Latvian Central Bank Governor Ilmars Rimsevics to Face Prosecution

(Bloomberg) -- Ilmars Rimsevics, a member of the European Central Bank’s Governing Council, will face prosecution for bribery in Latvia, further tainting the nation’s reputation in a year that’s already brought U.S. money-laundering allegations and the closure of its No. 3 bank.

Prosecutors announced that Rimsevics, Latvia’s central bank governor, has been charged following an anti-corruption probe that saw him briefly detained in February. He could receive as long as 11 years in prison. On Friday, they said he had sought a bribe of up to 500,000 euros ($581,450). It’s another blow for the tiny euro-area country that’s been accused of helping funnel criminal funds into the European Union, and even of breaching North Korea sanctions.

Latvian Central Bank Governor Ilmars Rimsevics to Face Prosecution

The glut of banking scandals has prompted Latvia to overhaul its finance sector, which had acted as a regional hub for cash from the former Soviet Union since the collapse of communism. Rimsevics, as governor and before that as deputy governor, has overseen the industry since 1992. His legal woes have deprived him of his seat at ECB policy-making meetings and he’s banned from travel.

“It doesn’t look good for Latvia and it also doesn’t look good for the ECB,” Guntram Wolff, director of Bruegel, a Brussels-based think tank, said by phone. “The fact the ECB hasn’t itself seen any of this coming is very uncomfortable for the people in Frankfurt.”

Speaking in an interview with Latvian TV, Rimsevics denied all wrongdoing. Some of the alleged events took place five to eight years ago, he said. His lawyer was not available for comment.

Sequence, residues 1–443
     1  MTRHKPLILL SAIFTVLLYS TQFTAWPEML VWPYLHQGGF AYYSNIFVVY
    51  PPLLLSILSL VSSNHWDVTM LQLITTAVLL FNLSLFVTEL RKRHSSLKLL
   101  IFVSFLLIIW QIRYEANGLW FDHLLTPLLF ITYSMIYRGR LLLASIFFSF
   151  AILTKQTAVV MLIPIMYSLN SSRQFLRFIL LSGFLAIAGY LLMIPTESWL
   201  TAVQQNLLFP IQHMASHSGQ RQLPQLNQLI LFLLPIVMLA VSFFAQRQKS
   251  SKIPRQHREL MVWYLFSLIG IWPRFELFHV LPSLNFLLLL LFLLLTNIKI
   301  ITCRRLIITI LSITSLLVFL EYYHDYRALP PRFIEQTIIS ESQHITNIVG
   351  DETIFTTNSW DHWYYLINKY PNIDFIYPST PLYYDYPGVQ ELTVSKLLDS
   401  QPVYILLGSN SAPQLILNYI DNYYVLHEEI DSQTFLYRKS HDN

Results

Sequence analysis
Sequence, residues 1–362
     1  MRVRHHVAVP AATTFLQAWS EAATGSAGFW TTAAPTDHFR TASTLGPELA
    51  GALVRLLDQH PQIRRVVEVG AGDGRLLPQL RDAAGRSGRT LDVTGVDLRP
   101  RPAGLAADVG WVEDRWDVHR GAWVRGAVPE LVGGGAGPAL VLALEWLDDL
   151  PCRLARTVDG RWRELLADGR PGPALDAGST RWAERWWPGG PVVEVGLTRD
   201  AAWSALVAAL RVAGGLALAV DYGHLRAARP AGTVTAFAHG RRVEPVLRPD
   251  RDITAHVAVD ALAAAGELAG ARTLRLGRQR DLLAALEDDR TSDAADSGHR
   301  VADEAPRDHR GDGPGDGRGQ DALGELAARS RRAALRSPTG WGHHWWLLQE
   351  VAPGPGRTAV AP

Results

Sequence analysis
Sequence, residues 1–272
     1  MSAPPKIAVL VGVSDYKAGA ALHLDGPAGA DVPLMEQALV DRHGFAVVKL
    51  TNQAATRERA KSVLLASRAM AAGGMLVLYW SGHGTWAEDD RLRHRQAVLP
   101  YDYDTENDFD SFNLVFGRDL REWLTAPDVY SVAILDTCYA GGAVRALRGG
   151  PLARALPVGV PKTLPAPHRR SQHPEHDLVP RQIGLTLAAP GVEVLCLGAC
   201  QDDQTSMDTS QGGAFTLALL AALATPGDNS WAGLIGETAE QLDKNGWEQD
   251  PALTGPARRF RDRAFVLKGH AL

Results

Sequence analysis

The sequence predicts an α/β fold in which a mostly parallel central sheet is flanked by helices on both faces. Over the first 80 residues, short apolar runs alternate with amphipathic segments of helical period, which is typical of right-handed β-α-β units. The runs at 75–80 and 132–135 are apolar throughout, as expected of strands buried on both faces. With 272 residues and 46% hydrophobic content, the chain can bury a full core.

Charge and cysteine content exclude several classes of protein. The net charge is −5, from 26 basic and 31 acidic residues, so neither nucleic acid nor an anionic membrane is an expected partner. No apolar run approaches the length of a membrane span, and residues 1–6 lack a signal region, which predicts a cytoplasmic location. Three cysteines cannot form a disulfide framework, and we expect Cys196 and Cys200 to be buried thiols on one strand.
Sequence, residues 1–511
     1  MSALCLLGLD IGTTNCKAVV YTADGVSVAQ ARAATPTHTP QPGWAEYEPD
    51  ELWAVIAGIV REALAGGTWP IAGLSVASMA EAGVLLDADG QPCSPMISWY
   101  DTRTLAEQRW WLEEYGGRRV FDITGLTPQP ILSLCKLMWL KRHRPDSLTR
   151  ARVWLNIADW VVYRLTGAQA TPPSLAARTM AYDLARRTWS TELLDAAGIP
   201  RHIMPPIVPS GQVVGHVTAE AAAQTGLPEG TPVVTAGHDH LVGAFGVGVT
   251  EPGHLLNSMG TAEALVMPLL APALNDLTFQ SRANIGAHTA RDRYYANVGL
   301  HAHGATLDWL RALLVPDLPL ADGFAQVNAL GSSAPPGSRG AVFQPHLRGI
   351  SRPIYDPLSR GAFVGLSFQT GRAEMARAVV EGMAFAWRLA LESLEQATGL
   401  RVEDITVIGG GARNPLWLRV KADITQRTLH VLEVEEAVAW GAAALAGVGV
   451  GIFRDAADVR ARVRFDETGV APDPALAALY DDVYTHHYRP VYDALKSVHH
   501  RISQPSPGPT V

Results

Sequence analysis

Rimsevics, who refuses to step down, is accused of seeking a bribe in relation to a small lender that’s since been closed over money laundering, Prosecutor Viorika Jirgena told reporters in Riga on Friday. The governor allegedly received 250,000 euros of the asked amount, the prosecutor said without taking questions at the briefing.

The case has unearthed claims including death threats, Russian meddling and suggestions of score-settling among Latvia’s elite.

The 53-year-old official now cuts an isolated figure in his Baltic homeland, with the president, government and parliament all urging him to quit before his terms ends in 2019. Due to laws on central-bank independence, it’s proving difficult to force him out.

The bribery case has strained ties between Latvia and the ECB, which has challenged some of the domestic restrictions on Rimsevics. Other ECB policy makers also have run into legal difficulties in the past. An ECB spokesman declined to comment.

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Latvia, where foreign deposits once eclipsed local savings, is dismantling the so-called non-resident industry and banning the use of shell companies. The U.S., whose report of wide-spread money-laundering violations triggered the demise of ABLV Bank AS, says the authorities must still do more to cleanse the sector.

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